An Introduction to Compensation for Retirement Plans

When you hear the word compensation, what comes to mind?

For most people, the word just means the money they receive in their paycheck. If you’re a retirement plan sponsor, there are three primary ways of defining the word ‘compensation’ when it comes to plan administration.

  • W-2 Wages: This is typically what comes to mind when an HR person or plan administrator thinks of about compensation. This is the amount reported in box 15 of a W-2 form and includes W-2 wages are calculated for the year and include the additional amounts of compensation, if any, that do not have income tax withheld.
  • 3401a Wages: Named for the section in the tax code it appears, that Code Section 3401(a) wages are defined as compensation that is subject to federal income tax withholding at the source of the compensation.
  • 415 Compensation: Unlike the previous two definitions, this is not used for tax reporting. 415 compensation is an employee’s gross wages, including pre-tax salary deferrals, fees for professional services, and amounts received for personal services.

Understanding differences between compensation definitions

Use the following chart as a quick guide to the differences between different kinds of compensation. This is not intended as a complete list, but as an easy reference tool.

Type of Compensation

W-2 Wages

3401(a) Compensation

415 Compensation





Overtime, Bonuses, and Commissions





Noncash tips and tips under $20 per month are excluded

Noncash tips and tips under $20 per month are excluded

Generally included (exclude allocated tips)

Elective Deferrals




Taxable Medical or Disability Benefits




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What is 415 Safe Harbor compensation?

415 compensation is used for 401(k) compliance tests, most of which Safe Harbor plans are designed to pass automatically.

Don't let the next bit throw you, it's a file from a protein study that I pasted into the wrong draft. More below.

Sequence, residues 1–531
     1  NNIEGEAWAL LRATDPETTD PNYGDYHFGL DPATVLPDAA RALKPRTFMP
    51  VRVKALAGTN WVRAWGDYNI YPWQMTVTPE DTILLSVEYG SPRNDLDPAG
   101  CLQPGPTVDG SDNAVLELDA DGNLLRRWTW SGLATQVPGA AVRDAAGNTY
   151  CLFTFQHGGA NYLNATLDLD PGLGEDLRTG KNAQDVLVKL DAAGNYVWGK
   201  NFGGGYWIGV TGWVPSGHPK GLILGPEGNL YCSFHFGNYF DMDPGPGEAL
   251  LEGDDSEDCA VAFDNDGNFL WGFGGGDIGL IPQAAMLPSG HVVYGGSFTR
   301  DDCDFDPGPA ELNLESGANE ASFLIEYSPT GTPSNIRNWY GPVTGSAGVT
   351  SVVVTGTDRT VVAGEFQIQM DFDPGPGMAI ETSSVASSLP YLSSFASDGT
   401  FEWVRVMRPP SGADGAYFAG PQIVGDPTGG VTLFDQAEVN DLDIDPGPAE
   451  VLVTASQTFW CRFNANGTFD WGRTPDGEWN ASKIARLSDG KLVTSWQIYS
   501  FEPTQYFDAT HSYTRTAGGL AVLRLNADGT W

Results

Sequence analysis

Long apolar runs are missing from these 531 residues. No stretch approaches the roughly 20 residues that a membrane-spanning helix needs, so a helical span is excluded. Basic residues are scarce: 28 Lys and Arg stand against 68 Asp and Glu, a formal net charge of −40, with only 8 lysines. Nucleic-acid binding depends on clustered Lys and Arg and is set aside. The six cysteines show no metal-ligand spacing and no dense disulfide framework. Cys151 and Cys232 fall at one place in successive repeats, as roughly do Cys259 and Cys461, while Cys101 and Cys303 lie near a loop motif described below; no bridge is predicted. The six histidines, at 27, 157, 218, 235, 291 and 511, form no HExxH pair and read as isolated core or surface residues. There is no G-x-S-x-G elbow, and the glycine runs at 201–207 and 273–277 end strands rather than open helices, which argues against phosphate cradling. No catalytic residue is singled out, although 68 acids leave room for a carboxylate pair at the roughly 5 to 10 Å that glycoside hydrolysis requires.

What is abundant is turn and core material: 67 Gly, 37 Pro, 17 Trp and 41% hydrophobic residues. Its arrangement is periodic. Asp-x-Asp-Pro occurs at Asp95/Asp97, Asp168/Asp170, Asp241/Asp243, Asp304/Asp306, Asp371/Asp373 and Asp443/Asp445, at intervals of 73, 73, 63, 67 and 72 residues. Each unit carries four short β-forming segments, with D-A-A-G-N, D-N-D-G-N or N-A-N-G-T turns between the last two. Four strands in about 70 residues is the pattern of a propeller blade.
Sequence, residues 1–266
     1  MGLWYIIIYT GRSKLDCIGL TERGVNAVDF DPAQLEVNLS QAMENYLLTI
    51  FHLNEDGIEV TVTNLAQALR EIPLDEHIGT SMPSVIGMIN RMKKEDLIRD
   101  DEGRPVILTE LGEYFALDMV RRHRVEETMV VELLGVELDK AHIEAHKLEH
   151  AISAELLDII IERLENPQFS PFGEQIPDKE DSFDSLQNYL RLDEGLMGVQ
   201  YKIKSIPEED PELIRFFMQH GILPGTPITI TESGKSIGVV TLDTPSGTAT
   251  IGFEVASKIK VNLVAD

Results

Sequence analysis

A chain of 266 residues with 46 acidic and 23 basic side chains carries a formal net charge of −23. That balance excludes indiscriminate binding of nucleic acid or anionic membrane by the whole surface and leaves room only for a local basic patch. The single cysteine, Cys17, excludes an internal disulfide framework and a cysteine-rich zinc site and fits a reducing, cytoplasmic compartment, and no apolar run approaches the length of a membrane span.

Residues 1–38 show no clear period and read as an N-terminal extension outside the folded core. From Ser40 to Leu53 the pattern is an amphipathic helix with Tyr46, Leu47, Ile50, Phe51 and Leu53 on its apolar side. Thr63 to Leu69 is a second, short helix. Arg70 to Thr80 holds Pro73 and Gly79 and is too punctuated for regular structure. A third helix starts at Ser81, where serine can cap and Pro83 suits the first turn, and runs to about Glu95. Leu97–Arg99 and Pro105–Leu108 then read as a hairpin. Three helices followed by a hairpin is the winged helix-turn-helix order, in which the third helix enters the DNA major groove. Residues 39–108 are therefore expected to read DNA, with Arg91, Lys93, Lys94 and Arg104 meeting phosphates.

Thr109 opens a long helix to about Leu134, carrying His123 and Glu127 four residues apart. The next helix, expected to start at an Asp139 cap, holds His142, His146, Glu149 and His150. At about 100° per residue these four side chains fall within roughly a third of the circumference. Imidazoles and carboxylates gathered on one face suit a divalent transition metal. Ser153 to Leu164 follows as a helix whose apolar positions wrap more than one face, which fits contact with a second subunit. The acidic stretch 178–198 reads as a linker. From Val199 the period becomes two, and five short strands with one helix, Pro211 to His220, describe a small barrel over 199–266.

However, 401(k) plans with Safe Harbor features can still be subject to top-heavy testing, so these numbers do matter.

In the context of Safe Harbor 401(k) plans, 415 compensation is used to:

  • Verify your exemption from nondiscrimination testing
  • Determine key employee status for top-heavy testing
  • Calculate a top-heavy minimum contribution when necessary

What is 415 Safe Harbor compensation used for?

Your 401(k) plan provider will send over an Annual Data Request to ensure the correct compensation for the plan is filed each year.

These figures will be used to determine any employer contributions made to the plan. This is particularly important for Safe Harbor plans, which require mandatory employer contributions. Employee compensation is also factored in when applying the annual 415 limit (which is $69,000 for 2024).

What to include in 415 Safe Harbor compensation

Consider including the following items as 415 compensation:

  • All Wages
  • Salaries
  • Professional Service Fees
  • Sales Commissions
  • Bonuses
  • Tips
  • Overtime
  • Insurance Premium Commissions
  • Fringe benefits and allowable reimbursed expenses
  • Foreign earned income
  • Severance (separate from severance package)

What to exclude in 415 Safe Harbor compensation

You may leave out:

  • Employee compensation paid prior to entering the plan
  • Employee receipts from an unfunded or unqualified plan
  • Amounts paid under health or accident insurance plans (included under Section 83b)
  • Employee moving expenses
  • Medical or disability benefits
  • The value of non-qualified stock options
  • The cost of group term life insurance exceeding $50,000
  • Severance package (separate from severance pay)

Avoid mistakes and keep your 401(k) Plan in compliance with ERISA and the IRS!

Logging the correct compensation for employees will prevent a costly correction later. A good 401(k) plan administrator provides a detailed explanation of the different forms that employers are required to fill out, so all the information is accurate the first time around, and there are no costly, time-consuming corrections to make later.

At Ubiquity, we work with small business employers to ensure they understand the Safe Harbor 401(k) and how to test compensation applicable to their plan.

Ask questions to receive immediate answers – over the phone, in chat, or by email.

We’re always here for you! An experienced provider will make it easy for you to meet ERISA requirements mandated by the Department of Labor and IRS compliance standards. Whether you are interested in setting up a new 401(k) plan or would like to change an existing plan, Ubiquity offers attentive and proactive service.